No, obstinate boy, you shall be kept cag'd up, Otho the Great, Act II, SCENE I, Otho, Line 88
 
OCCASION..........2
Do they occasion ; 'tis a pleasing chime. How many bards gild the lapses of time, Line 8
Have been content to let occasion die, Endymion: A Poetic Romance, Book I, Line 822
 
OCCUPANTS.........1
Of higher occupants , a richer zest, Isabella; or, The Pot of Basil, Line 246
 
OCCUPY............1
To occupy me wholly, and to fashion Endymion: A Poetic Romance, Book I, Line 976
 
OCEAN.............19
Than the shell, from the bright golden sands of the ocean To Some Ladies, Line 23
The ocean with its vastness, its blue green, To My Brother George (sonnet), Line 5
Above the ocean -waves. The stalks, and blades, To My Brother George (epistle), Line 125
The winds of heaven blew, the ocean roll'd Sleep and Poetry, Line 188
An ocean dim, sprinkled with many an isle, Sleep and Poetry, Line 306
With the subsiding crystal: as when ocean Sleep and Poetry, Line 376
The ocean , its neighbour, God of the golden bow, Line 29
Of their petty ocean . Oftener, heavily, Endymion: A Poetic Romance, Book I, Line 884
Of ocean fades upon him; then, anew, Endymion: A Poetic Romance, Book II, Line 76
Towers like an ocean -cliff, and whence he seeth Endymion: A Poetic Romance, Book II, Line 241
Old ocean rolls a lengthened wave to the shore, Endymion: A Poetic Romance, Book II, Line 348
O Moon! far-spooming Ocean bows to thee, Endymion: A Poetic Romance, Book III, Line 70
Of ambitious magic: every ocean -form Endymion: A Poetic Romance, Book III, Line 199
The ceaseless wonders of this ocean -bed. Endymion: A Poetic Romance, Book III, Line 392
One million times ocean must ebb and flow, Endymion: A Poetic Romance, Book III, Line 694
Blue!- 'Tis the life of waters - Ocean , Blue!- 'Tis the life of heaven - the domain, Line 5
Hearken, thou craggy ocean pyramid, To Ailsa Rock, Line 1
And ocean too, with all its solemn noise, Hyperion: A Fragment, Book I, Line 57
And ocean too, with all its solemn noise, The Fall of Hyperion: A Dream, CANTO I, Line 359
 
OCEAN'S...........6
Ocean's blue mantle streak'd with purple, and green. To My Brother George (epistle), Line 132
Nibble their fill at ocean's very marge, Endymion: A Poetic Romance, Book I, Line 204
Resuming quickly thus; while ocean's tide Endymion: A Poetic Romance, Book III, Line 312
The utmost privilege that ocean's sire Endymion: A Poetic Romance, Book III, Line 376
Enforced, at the last by ocean's foam Endymion: A Poetic Romance, Book III, Line 607
Suddenly on the ocean's chilly streams. Hyperion: A Fragment, Book I, Line 268
 
OCEANUS...........5
Smooth-moving came Oceanus the old, Endymion: A Poetic Romance, Book III, Line 994
By the great Oceanus ; Not Aladdin magian, Line 28
Oceanus , and Tethys, in whose lap Hyperion: A Fragment, Book II, Line 75
Is all a-hunger'd. Thou, Oceanus , Hyperion: A Fragment, Book II, Line 163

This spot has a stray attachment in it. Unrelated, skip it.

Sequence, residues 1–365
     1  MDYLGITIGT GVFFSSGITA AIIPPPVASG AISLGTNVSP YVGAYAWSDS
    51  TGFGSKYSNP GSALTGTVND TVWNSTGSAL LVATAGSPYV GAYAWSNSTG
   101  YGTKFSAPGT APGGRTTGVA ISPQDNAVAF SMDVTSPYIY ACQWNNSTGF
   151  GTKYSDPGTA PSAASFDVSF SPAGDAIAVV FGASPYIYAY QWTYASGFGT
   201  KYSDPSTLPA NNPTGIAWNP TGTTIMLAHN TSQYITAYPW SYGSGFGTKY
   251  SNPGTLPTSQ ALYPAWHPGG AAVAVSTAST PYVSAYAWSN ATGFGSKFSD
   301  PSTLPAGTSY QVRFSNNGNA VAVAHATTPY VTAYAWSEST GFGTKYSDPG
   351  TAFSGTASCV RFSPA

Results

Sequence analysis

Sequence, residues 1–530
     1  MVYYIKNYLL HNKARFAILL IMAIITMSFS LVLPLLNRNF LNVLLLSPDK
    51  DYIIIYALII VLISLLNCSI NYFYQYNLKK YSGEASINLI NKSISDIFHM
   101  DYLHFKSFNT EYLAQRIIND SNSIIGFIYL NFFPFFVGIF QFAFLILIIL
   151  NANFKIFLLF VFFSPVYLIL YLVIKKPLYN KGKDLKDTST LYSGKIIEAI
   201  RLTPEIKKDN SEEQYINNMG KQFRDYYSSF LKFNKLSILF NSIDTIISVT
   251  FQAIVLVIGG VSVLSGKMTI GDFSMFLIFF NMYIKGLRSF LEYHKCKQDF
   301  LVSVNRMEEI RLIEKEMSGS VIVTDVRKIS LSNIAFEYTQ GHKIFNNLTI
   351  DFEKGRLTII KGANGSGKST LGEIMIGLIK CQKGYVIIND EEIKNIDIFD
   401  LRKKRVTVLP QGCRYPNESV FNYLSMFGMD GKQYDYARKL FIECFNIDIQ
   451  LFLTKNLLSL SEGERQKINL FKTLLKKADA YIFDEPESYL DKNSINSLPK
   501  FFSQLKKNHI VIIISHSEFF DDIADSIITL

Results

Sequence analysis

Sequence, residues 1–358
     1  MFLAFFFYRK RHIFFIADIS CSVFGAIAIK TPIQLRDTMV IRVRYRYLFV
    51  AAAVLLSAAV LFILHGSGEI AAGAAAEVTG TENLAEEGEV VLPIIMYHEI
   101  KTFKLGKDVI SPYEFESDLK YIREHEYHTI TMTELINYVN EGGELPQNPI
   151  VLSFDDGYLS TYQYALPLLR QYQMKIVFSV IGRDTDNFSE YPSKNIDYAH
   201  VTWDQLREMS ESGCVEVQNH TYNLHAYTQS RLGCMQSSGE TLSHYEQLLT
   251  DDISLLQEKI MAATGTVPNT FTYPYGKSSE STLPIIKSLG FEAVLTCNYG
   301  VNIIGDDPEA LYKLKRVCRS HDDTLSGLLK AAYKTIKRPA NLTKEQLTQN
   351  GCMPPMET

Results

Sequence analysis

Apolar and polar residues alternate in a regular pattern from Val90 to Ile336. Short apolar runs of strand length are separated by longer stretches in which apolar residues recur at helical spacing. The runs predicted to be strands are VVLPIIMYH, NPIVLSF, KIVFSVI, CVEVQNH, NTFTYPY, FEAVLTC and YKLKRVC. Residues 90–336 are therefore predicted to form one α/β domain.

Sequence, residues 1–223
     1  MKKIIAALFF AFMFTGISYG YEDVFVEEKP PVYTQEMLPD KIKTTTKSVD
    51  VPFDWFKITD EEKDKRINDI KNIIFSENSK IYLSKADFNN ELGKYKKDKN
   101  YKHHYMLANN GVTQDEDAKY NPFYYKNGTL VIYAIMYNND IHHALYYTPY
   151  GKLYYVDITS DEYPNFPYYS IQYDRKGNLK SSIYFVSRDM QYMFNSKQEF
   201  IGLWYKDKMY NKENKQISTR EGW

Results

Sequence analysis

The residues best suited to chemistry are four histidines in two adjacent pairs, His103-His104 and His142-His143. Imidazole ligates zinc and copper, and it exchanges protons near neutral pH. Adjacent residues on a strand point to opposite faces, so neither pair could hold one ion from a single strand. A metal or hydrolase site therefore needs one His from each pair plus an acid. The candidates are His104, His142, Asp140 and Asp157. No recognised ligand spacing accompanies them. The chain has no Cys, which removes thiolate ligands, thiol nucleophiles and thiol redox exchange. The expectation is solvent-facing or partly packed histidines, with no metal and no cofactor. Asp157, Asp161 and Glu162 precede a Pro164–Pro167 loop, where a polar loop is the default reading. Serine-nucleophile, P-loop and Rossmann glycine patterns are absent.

They guarded silence, when Oceanus Hyperion: A Fragment, Book II, Line 245
 
OCEANUS'S.........1
For though I scorn Oceanus's lore, Hyperion: A Fragment, Book II, Line 333
 
OCH...............1
Och the charm There was a naughty boy, Line 53
 
OCTOBER'S.........1
Or ripe October's faded marigolds, Endymion: A Poetic Romance, Book II, Line 397
 
ODD...............1
You would do me a mischief some odd day, The Jealousies, Line 467
 
ODDS..............1
Your person unaffronted by vile odds , King Stephen Act I, SCENE I, Baldwin, Line 25
 
ODE...............1
Who found for me the grandeur of the ode , To Charles Cowden Clarke, Line 62
 
ODOROUS...........5
A willow-bough, distilling odorous dew, Endymion: A Poetic Romance, Book II, Line 424
Odorous and enlivening; making all Endymion: A Poetic Romance, Book II, Line 514
There is a sleepy dusk, an odorous shade Endymion: A Poetic Romance, Book IV, Line 362
And divine liquids come with odorous ooze Isabella; or, The Pot of Basil, Line 411
Along the mirror'd walls by twin-clouds odorous . Lamia, Part II, Line 182
 
ODOUR.............1
Blendeth its odour with the violet,- The Eve of St. Agnes, Line 321
 
ODOURS............1
Teeming with odours . Lamia, regal drest, Lamia, Part II, Line 133
 
OFF...............53
No, no! this is far off :- then how shall I Specimen of an Induction to a Poem, Line 31
When butts of wine are drunk off to the lees? Specimen of an Induction to a Poem, Line 36
Went off in gentle windings to the hoar Calidore: A Fragment, Line 27
So pushes off his boat most eagerly, Calidore: A Fragment, Line 59
Kept off dismay, and terror, and alarm Calidore: A Fragment, Line 145
Yet further off , are dimly seen their bowers, To My Brother George (epistle), Line 43
In milky nest, and sip them off at leisure. To Charles Cowden Clarke, Line 10
But off , Despondence! miserable bane! Sleep and Poetry, Line 281
From off her brow, and left her all alone. Sleep and Poetry, Line 384
The face of Poesy: from off her throne Sleep and Poetry, Line 394
Then off at once, as in a wanton freak: I stood tip-toe upon a little hill, Line 90